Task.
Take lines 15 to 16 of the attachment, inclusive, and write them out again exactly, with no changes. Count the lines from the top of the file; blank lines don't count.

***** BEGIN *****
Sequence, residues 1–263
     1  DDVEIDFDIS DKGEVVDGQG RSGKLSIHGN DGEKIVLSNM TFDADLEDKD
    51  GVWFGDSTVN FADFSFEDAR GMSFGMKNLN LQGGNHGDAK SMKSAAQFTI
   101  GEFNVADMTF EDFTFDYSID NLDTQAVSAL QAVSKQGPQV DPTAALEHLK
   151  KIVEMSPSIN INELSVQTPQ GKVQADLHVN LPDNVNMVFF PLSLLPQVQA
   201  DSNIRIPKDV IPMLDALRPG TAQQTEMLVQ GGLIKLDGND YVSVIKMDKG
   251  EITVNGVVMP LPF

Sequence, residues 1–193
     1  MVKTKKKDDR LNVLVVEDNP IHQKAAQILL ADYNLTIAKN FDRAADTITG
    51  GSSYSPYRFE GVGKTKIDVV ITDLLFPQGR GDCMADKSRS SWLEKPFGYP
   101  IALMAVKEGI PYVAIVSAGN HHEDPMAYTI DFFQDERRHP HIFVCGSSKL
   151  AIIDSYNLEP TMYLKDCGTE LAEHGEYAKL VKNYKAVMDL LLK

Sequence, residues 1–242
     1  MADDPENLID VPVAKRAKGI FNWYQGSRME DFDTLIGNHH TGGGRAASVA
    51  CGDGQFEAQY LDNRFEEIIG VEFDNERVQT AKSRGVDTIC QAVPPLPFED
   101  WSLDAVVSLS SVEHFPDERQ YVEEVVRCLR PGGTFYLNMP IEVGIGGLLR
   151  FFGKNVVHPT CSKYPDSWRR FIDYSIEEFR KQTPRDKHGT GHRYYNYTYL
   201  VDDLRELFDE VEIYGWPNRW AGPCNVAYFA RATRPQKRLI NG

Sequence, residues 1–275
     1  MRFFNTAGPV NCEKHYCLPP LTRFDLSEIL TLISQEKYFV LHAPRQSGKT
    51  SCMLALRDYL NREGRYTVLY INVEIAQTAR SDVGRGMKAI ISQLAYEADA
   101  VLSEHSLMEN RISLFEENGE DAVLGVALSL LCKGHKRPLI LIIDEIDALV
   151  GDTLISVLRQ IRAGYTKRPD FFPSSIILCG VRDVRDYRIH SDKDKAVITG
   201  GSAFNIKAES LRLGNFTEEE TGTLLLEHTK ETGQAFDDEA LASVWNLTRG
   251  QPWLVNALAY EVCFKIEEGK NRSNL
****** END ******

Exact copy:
    51  CGDGQFEAQY LDNRFEEIIG VEFDNERVQT AKSRGVDTIC QAVPPLPFED
   101  WSLDAVVSLS SVEHFPDERQ YVEEVVRCLR PGGTFYLNMP IEVGIGGLLR